In the Moment: ‘A View From the Bridge’ at The Kennedy Center

Even having inklings of what to expect, there was no protecting myself from the shattering production of Arthur Miller’s A View From the Bridge at the Kennedy Center. I don’t think even wearing a Kevlar vest could have reduced the immobilizing final impact of the two-time 2016 Tony Award–winning production of Miller’s A View From the Bridge.

L to R: Alex Esola, Catherine Combs, Frederick Weller, Danny Binstock, Andrus Nichols, Howard W. Overshown, Thomas Jay Ryan, and Dave Register. Photo by Jan Versweyveld.
L to R: Alex Esola, Catherine Combs, Frederick Weller, Danny Binstock, Andrus Nichols, Howard W. Overshown, Thomas Jay Ryan, and Dave Register. Photo by Jan Versweyveld.

Directed by Ivo Van Hove, A View From the Bridge is a primal, tragic, operatic journey that freshly illuminates dark places for a play first staged in the mid-1950’s. (And it’s context of illegal immigrants coming to America for jobs and a better life were certainly not lost of me, given the recent elections.)

Van Hove’s strong hand also shows in the actors’ demanding, soul-wrenching, what must be utterly exhausting performances. The production is far from just a tale of family, love, and betrayal that takes place in 1950s New York City, in a small Italian-American Brooklyn enclave. (let me mix media here, there were sensations through-out my evening at the Kennedy Center that crept into me like viewing The Godfather Part II on a big screen).

A View From the Bridge is full of kisses, seen and unseen. There are kisses of betrayal. Kisses of love. Kisses that should not be. Kisses to suggest that someone “is not right.” There are kisses disguised as spits. There are exquisite scenes of total isolation. There are crushing scene of absolute controlled hysteria.

And all are underpinned by a music and soundscape (by Tom Gibbons) that never stops; quite like ominous drums in the night but without the percussive drumming. The unsettling set design and moody lighting by Jan Versweyveld made a quietly severe statement the moment I walked into the Eisenhower Theater.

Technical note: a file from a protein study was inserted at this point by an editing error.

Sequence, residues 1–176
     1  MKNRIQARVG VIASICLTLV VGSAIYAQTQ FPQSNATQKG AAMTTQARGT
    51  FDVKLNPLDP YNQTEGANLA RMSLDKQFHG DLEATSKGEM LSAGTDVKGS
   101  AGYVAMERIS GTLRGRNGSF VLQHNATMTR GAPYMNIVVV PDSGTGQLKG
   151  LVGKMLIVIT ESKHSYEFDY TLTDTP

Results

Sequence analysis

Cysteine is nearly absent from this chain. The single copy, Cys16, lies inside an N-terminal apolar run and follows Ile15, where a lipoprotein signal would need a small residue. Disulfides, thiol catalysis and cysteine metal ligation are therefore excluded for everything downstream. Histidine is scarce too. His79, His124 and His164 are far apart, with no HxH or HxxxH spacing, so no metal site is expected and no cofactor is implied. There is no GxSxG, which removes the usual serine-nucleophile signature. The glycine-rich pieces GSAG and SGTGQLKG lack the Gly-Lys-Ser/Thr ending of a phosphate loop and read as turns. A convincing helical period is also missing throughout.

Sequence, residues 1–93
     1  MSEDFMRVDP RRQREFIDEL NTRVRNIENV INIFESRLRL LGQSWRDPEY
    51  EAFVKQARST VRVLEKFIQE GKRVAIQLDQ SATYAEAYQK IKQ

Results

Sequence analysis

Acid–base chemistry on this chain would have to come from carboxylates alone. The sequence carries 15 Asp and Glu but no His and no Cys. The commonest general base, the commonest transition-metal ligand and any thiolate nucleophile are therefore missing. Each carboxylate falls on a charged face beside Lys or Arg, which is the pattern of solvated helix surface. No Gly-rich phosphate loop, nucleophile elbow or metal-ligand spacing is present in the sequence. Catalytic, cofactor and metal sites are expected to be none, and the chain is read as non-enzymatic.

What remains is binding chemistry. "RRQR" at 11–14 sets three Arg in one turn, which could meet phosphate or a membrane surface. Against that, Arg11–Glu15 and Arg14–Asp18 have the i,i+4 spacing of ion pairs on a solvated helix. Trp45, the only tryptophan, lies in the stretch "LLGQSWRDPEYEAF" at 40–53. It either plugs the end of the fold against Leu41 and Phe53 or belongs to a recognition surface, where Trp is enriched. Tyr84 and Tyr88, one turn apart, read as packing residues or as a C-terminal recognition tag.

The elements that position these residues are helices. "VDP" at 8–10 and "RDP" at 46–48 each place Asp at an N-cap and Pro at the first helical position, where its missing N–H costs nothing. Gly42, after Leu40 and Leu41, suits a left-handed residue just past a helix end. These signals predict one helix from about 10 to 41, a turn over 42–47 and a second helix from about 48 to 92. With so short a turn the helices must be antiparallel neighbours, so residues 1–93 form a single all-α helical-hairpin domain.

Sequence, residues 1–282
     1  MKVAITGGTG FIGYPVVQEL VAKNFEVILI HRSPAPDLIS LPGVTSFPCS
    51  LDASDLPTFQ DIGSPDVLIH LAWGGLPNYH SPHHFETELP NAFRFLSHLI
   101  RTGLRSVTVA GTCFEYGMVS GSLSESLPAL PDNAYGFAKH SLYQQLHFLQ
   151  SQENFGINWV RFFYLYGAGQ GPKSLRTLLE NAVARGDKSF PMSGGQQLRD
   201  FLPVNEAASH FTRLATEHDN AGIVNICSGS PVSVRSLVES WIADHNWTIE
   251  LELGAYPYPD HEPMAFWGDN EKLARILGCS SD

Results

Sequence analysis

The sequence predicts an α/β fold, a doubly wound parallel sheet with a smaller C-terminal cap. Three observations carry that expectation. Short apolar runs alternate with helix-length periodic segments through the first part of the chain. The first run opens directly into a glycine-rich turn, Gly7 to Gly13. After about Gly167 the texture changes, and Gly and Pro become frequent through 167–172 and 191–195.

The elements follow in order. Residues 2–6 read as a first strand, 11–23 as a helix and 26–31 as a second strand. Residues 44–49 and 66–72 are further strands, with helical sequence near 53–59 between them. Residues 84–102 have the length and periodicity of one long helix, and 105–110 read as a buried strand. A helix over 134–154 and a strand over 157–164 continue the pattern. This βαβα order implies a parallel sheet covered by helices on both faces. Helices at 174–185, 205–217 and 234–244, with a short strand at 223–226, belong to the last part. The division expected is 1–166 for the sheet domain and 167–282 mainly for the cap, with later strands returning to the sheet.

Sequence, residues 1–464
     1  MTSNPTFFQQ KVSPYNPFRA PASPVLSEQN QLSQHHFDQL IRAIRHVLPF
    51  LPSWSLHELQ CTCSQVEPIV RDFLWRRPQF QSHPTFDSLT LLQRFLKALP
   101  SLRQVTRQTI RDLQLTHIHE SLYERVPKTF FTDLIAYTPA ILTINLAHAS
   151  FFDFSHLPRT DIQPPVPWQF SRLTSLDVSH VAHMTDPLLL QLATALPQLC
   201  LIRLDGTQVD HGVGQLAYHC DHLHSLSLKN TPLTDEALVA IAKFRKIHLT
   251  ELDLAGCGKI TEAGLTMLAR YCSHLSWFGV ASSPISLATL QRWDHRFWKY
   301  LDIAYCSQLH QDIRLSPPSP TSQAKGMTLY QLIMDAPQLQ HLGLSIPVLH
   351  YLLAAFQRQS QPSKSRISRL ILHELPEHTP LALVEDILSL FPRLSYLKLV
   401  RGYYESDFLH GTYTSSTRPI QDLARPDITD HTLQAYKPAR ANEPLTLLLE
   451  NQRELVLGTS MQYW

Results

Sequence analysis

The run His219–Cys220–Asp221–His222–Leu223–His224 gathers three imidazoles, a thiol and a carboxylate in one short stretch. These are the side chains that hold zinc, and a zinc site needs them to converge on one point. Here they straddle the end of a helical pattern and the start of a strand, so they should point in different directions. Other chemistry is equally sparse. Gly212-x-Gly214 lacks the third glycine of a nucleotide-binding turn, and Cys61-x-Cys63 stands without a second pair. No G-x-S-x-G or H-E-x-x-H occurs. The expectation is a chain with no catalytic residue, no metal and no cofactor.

The production is narrated by a Greek chorus of one; a lawyer named Alfiere (Thomas Jay Ryan with a slow, deliberate cadence as he circles the action until he too steps into the on-stage events). Alfiere sets the show up by describing how second-generation immigrants are becoming more American and willing to “settle for half” [half measures] of American law and justice to settle their disputes. There is one exception and that is the crux of A View From the Bridge.

The exception is longshoreman Eddie Carbone (Frederick Weller in an expressive performance with his words emphasized either by the movements of a skilled, lithe dancer, an aggressive middle-weight boxer who can throw a punch  or a patient not unlike Tony Soprano, sitting in a chair slumped while his therapist tries to reason with him to no avail). Eddie is way over-protected, if not obsessed, with his 17-year-old orphan niece Catherine (Catherine Combs who skillfully maneuvers her role on the cusp of young innocent trying on being a sensual young woman by wearing a pair of heels or swinging her hips or the tone of her voice). Catherine has lived for many years with Eddie and his lonely for intimacy wife Beatrice (the excellent Andrus Nichols).